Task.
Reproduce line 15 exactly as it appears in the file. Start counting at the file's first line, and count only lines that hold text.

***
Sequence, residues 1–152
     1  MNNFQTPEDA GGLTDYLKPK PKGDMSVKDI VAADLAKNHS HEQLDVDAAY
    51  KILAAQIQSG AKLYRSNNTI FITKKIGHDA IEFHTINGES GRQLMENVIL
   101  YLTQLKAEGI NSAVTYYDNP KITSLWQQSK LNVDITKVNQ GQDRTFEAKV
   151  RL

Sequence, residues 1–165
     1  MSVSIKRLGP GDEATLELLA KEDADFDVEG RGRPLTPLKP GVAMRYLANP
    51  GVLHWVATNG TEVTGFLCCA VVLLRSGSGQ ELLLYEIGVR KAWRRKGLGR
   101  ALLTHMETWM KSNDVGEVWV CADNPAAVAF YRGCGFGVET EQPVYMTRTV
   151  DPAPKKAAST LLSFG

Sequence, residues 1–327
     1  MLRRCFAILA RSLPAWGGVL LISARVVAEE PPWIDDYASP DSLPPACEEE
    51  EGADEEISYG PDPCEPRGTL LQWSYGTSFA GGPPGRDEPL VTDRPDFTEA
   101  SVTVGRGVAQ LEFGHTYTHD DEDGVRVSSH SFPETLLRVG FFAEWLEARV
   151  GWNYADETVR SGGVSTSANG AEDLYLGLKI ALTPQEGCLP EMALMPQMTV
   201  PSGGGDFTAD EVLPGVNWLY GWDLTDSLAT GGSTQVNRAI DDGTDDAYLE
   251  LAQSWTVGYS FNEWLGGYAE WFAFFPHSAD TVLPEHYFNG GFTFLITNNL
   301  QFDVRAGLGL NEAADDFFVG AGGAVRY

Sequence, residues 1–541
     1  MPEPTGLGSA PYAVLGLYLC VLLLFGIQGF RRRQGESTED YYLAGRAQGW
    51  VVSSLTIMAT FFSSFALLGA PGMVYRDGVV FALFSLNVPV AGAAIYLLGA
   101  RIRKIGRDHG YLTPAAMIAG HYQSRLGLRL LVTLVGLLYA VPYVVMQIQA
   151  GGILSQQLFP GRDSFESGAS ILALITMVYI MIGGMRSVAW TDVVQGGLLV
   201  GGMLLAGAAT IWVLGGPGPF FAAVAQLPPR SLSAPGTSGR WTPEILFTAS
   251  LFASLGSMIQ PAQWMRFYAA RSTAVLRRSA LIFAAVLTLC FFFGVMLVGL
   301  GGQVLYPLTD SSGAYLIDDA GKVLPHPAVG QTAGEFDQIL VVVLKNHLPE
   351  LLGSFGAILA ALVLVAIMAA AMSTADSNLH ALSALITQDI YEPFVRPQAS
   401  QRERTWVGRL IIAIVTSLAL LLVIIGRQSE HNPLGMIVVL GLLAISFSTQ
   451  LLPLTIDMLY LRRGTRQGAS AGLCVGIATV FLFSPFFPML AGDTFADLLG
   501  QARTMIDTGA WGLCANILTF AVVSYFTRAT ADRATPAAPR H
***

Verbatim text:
   151  GWNYADETVR SGGVSTSANG AEDLYLGLKI ALTPQEGCLP EMALMPQMTV